It is not uncommon in a divorce, the sale of a business, or litigation, for the parties to try to avoid the expense and effort of a professional business valuation
, opting instead to use a simple value formula or “rule of thumb” common to their type of business. This type of methodology erroneously implies that determining a businesses value can’t be all that complicated and can be reduced to a simple formula.
Business owners looking to sell their company are undertaking a transaction that is usually crucial to their net worth. If the business is overpriced, the owner could lose qualified buyers; if the business is underpriced, the owner will not receive full value. Although a rule of thumb is admittedly easy to use, the value it indicates should never be considered valid unless it is backed up with other, more detailed valuation methods specific to the particular business and industry.
A rule of thumb can be utilized to develop a very rough value and provide a weak form of market comparison for a small business, but relying solely on this approach can cause serious problems.
In addition to oversimplification and potential for abuse, the main problem with rule-of-thumb formulas is that they are derived statistically from the sales of many businesses of the same type.
For example, an organization may compile statistics on a hundred sales of auto dealerships. The organization then averages all of the selling prices and calculates that the average auto dealership sold for 100% of one year’s gross revenue. This creates a rule of thumb for valuing auto dealerships.
The problem is that one dealership may have sold for twice one year’s gross while another may have sold for half of one year’s gross. Thus, rule-of-thumb formulas may be reasonable for businesses whose performances are about average but not for businesses that don’t fit the mold. To apply a rule of thumb to a business that varies significantly from the average is not appropriate.
An even bigger problem exists when a business owner uses a rule of thumb that he or she heard through the grapevine. For instance, suppose Joe Jones, a business owner, hears from an associate that Sue Smith, Joe’s competitor, sold her business for three times earnings. Joe doesn’t know what type of earnings Sue used. Was it earnings before tax? Earnings after tax? Owner’s discretionary cash flow? Earnings before or after subtracting the owner’s compensation?
Joe probably also doesn’t know what the terms of Sue’s deal were. Was it a cash deal, or did Sue receive 10% down and agree to take a no-interest personal note? Joe believes the “three times earnings” rule of thumb without asking these questions. He also assumes that Sue’s business actually sold for the price he heard through the grapevine. But Sue might have under- or over-reported the amount she received for the business, or the specific details of the transaction may have been lost when the story was retold.
For these and other reasons, using the rule of thumb he heard about will almost certainly lead Joe to a highly erroneous estimate of the value of his business.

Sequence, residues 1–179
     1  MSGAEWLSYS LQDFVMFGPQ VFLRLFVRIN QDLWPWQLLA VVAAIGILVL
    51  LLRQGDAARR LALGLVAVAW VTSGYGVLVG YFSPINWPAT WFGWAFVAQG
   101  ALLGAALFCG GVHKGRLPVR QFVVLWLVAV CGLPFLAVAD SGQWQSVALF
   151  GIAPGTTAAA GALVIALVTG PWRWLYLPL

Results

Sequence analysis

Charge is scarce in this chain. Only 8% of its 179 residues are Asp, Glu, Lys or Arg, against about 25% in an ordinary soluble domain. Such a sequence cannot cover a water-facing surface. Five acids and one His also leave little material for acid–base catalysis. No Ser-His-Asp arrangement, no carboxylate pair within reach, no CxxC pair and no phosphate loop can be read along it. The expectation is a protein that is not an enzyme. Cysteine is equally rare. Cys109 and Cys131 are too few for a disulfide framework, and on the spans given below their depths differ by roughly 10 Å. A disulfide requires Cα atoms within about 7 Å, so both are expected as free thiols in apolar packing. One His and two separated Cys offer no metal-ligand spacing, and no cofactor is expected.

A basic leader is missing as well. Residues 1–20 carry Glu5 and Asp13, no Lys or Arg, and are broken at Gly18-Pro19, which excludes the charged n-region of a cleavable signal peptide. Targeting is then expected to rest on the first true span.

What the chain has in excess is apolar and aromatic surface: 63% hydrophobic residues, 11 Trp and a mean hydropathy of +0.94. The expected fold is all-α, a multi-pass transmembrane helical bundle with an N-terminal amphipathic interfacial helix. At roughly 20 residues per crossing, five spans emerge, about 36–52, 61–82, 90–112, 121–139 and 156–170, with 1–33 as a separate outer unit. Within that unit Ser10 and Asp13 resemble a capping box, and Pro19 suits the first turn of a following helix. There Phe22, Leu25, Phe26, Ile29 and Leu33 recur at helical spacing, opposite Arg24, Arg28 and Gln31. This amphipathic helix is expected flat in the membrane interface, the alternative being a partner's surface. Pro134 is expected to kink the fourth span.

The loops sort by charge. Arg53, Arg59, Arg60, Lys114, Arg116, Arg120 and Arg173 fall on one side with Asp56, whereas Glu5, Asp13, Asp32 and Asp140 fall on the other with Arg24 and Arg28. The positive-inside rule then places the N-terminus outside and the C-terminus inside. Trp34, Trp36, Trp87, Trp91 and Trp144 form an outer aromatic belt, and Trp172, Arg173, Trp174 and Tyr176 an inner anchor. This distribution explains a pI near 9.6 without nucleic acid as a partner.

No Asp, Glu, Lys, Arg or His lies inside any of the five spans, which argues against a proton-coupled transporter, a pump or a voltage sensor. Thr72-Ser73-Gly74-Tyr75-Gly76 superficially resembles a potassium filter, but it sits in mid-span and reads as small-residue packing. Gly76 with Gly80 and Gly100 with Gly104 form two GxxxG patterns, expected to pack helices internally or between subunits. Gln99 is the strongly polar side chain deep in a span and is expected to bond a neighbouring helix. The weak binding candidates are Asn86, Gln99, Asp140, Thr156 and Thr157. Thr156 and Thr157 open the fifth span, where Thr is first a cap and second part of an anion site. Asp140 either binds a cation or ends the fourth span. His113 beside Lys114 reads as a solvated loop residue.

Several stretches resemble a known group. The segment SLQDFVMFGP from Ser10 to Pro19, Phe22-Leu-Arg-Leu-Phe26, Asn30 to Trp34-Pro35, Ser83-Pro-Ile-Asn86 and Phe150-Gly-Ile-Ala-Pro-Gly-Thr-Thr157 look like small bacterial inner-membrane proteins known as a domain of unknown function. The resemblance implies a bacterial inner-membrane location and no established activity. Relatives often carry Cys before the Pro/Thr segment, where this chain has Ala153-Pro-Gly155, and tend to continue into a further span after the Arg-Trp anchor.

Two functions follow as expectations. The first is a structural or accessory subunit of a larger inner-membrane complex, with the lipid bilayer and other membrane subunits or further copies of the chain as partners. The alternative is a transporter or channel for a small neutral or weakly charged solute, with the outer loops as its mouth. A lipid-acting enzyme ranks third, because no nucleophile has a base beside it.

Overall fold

Rules of thumb are supposed to be market-derived units of comparison. The multiple or percentage contained in the formula is an expression of the relationship between gross purchase price and some indicator of the operating results or financial position of a business. The use of a rule of thumb in the valuation of a closely held entity is actually a variation of the market comparison approach, which attempts to establish value via direct comparison with similar sales in the marketplace.
The use of direct market comparison depends on the availability of sales of reasonably comparable businesses in a free and active marketplace. A valuator then calculates adjustments for differences between the acquired businesses and the subject entity. These adjustments include differences in risk, profitability, capital structure, and lease terms. The adjustments produce a multiple (usually related to earnings, cash flow or equity) that the valuator applies to the subject entity to derive an expression of value.
The difference between using rules of thumb and the direct market comparison method is that, with the direct market comparison, the valuator has access to the details of the transactions that are used to determine the multiples. Because of this, the valuator can determine which transactions are relevant or involve companies that are more comparable to the subject company. In this manner, the valuator can make the necessary adjustments in order to come up with multiples that are more directly applicable to the subject company.
At best, a rule of thumb is merely a sanity or reasonableness check on a properly derived value and can never be relied on alone. If a party wants to know the value of the business just for curiosity’s sake, a rule of thumb may suffice. But if he or she needs to know the value of the business for use in a potential transaction, to set up a buy-sell agreement, to develop an exit strategy, or any other reason (including shareholder litigation and marital dissolution) that has economic ramifications, it is beneficial to get professional valuation advice.
This argument is further supported by the American Society of Appraisers (ASA) Business Valuation Standard relating to rules of thumb. It states:
“Rules of thumb may provide insight on the value of a business, business ownership interest, or security. However, value indications derived from the use of rules of thumb should not be given substantial weight unless they are supported by other valuation methods and it can be established that knowledgeable buyers and sellers place substantial reliance on them.”